Why Jacques Torres Doesn't Like Competition Shows Other Than Nailed It!

The venerable French pastry chef turned TV personality Jacques Torres is known far and wide for both his world-renowned confectionary creations and his caring and lighthearted approach to judging the calamitous cakes created on Netflix's hit baking show, "Nailed It!"

The Emmy-nominated competition show, which is hosted by comedian Nicole Byer, pits amateur bakers known for their lack of kitchen skills against each other in a battle to craft the best cake for a chance to win $10,000 — often to hilariously disastrous ends. Torres acts as both a judge and a mentor to the struggling bakers, offering guidance during the baking process as well as constructive criticism on their final products. 

In an interview with Thrillist about the show's upcoming season, Torres shared some insights into his journey from celebrated pastry chef to fun-loving reality show judge. While the chocolate master has sharpened his skills as an on-screen judge over the last five seasons of the hit show, Torres confessed that besides his own program, he's not a fan of the genre. "I don't like competition shows. I don't like the drama ... I never want to be part of a competition show where there is drama, or people crying, or people are mad," he said.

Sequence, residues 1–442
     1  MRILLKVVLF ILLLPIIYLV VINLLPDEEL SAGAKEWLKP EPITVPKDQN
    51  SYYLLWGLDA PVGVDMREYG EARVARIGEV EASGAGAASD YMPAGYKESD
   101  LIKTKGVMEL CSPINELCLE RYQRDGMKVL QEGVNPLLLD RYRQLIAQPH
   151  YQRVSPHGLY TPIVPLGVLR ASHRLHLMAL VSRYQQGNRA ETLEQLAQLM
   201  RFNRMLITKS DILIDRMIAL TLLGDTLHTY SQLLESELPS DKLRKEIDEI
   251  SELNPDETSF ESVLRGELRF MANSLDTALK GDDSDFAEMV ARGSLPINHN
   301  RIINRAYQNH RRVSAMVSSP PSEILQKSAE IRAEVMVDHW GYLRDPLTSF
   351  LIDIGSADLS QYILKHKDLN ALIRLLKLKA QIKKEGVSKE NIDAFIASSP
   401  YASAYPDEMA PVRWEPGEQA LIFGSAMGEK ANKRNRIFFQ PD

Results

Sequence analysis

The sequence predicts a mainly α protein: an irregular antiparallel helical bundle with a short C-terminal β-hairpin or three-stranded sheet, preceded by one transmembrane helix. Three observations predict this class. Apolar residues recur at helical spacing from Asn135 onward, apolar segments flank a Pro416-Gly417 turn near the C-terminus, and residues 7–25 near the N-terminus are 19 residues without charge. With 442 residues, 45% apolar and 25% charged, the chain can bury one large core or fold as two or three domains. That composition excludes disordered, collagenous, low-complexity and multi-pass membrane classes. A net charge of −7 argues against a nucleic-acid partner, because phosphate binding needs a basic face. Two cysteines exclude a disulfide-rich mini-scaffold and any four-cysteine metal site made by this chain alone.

The famed pastry chef prefers drama-free television

According to the pastry chef, who is also known by the moniker "Mr. Chocolate," part of this distaste for televised drama comes from the state of the world overall. "The last year and a half, there's been so much drama in the world," Torres told Thrillist. "We need to laugh and we need to forget the drama."

The renowned chef notes that his decision to join the cast of the competition show was largely thanks to the positive nature of the show as a whole. "When I got the offer for 'Nailed It!,' it was different because ... it's not mean. We make people laugh. We play with them, we give them advice."

Torres adds that he enjoys mentoring the chefs, and tries to earnestly equip them with skills they can use. "The advice that I give is real and when people fail, I try to tell them why and how they can do better." He adds that he admires the "courageous" contestants, especially the ones with little-to-no baking experience.

The chef, who will be returning to offer his sage baking wisdom on the upcoming sixth season of "Nailed It!" — coming to Netflix September 15 — says that the message of the baking show is an uplifting one overall. "Behind those crazy cakes and the fails and the bad cakes, the message is this: Life is not perfect and not everything is perfect in life. So it's ok. Do what you can and have fun in the kitchen."